In this book, Greefhorst and Proper focus on the role of architecture principles. They provide both a theoretical and a practical perspective on architecture principles. The theoretical perspective involves a brief survey of the general concept of principle as well as an analysis of different flavors of principles. Architecture principles are regarded as a specific class of normative principles that direct the design of an enterprise, from the definition of its business to its supporting IT. The practical perspective on architecture principles is concerned with an approach to the formulation of architecture principles, as well as their actual use in organizations. To illustrate their use in practice, several real-life cases are discussed, an application of architecture principles in TOGAF is included, and a catalogue of example architecture principles is provided.
With this broad coverage, the authors target students and researchers specializing in enterprise architecture or business information systems, as well as practitioners who want to understand the foundations underlying their practical daily work.
Danny Greefhorst is a principal consultant and owner of ArchiXL, and works for clients in the financial and public sector. Danny acts as an IT architect and IT consultant, and is TOGAF 9 certified. He has extensive experience with the definition and implementation of enterprise architectures, application architectures and technical architectures. In addition, he coaches organizations in setting up and executing their architecture function, and is active as an instructor for several classes on architecture. Before starting ArchiXL he worked as a principal consultant at Yellowtail, as a senior IT architect at IBM Business Consulting Services and as a researcher at the Software Engineering Research Centre. Danny is active in the architecture community and regularly publishes on IT and architecture related topics. He is the chairman of the governing board of Via Nova Architectura, a portal and electronic magazine on enterprise architecture. He is also a member of the governing board of the architecture department of the Dutch Computer Science Association (Ngi).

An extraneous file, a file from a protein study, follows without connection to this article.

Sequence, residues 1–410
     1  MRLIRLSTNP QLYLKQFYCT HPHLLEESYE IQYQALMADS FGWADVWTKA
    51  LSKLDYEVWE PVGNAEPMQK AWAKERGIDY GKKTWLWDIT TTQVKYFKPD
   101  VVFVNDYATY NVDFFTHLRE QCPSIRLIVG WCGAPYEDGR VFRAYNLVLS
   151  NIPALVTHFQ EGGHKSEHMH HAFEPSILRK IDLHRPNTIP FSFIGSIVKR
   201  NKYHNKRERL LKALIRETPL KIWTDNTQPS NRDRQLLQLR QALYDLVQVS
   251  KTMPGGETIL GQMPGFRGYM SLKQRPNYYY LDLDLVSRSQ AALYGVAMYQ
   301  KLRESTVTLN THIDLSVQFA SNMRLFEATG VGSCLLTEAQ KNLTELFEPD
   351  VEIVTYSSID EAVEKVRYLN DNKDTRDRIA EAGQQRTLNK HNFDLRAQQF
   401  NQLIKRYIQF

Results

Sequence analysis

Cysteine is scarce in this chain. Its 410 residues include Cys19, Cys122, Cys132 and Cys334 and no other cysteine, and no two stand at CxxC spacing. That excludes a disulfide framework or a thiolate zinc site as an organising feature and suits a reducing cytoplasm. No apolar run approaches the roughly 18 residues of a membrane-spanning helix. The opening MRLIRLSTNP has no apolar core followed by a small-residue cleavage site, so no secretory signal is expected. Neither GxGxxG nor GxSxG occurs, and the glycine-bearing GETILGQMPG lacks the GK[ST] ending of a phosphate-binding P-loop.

Erik (H.A.) Proper is a senior research manager at the Public Research Centre -- Henri Tudor in Luxembourg, where he leads Services-oriented Enterprise Engineering programme. He also holds a chair in Information Systems at the Radboud University Nijmegen in the Netherlands. Erik has a mixed industrial and academic background. In the past, Erik worked for companies such as Asymetrix, InfoModeller, Origin, ID Research, Ordina and Capgemini, while interleaving this with his work at research institutions such as the Radboud University of Nijmegen, Queensland University of Technology, the Distributed Systems Technology Centre, and the University of Queensland. His general research drive is the modeling of systems. He applies this drive mainly in the fields of service science, enterprise modeling, enterprise engineering and enterprise architecting. He was co-initiator of the ArchiMate project, and currently also serves on the board of the ArchiMate forum of The Open Group. Erik is also one of the editors in chief of Springer's series on enterprise engineering.
The 7 papers presented were extensively reviewed and selected from 15 submissions. They report on core concepts and the effectiveness of enterprise architecture, on architecture description languages, and on exemplary case studies.
The 12 papers presented in this volume were carefully reviewed and selected from 30 submissions. They cover topics like business process management and simulation, organizational modeling and simulation, enterprise architecture and modeling, and workflow systems.
Lankhorst and his co-authors present such an enterprise modelling language that captures the complexity of architectural domains and their relations and allows the construction of integrated enterprise architecture models. They provide architects with concrete instruments that improve their architectural practice. As this is not enough, they additionally present techniques and heuristics for communicating with all relevant stakeholders about these architectures. Since an architecture model is useful not only for providing insight into the current or future situation but can also be used to evaluate the transition from ‘as-is’ to ‘to-be’, the authors also describe analysis methods for assessing both the qualitative impact of changes to an architecture and the quantitative aspects of architectures, such as performance and cost issues.
The modelling language presented has been proven in practice in many real-life case studies and has been adopted by The Open Group as an international standard. So this book is an ideal companion for enterprise IT or business architects in industry as well as for computer or management science students studying the field of enterprise architecture.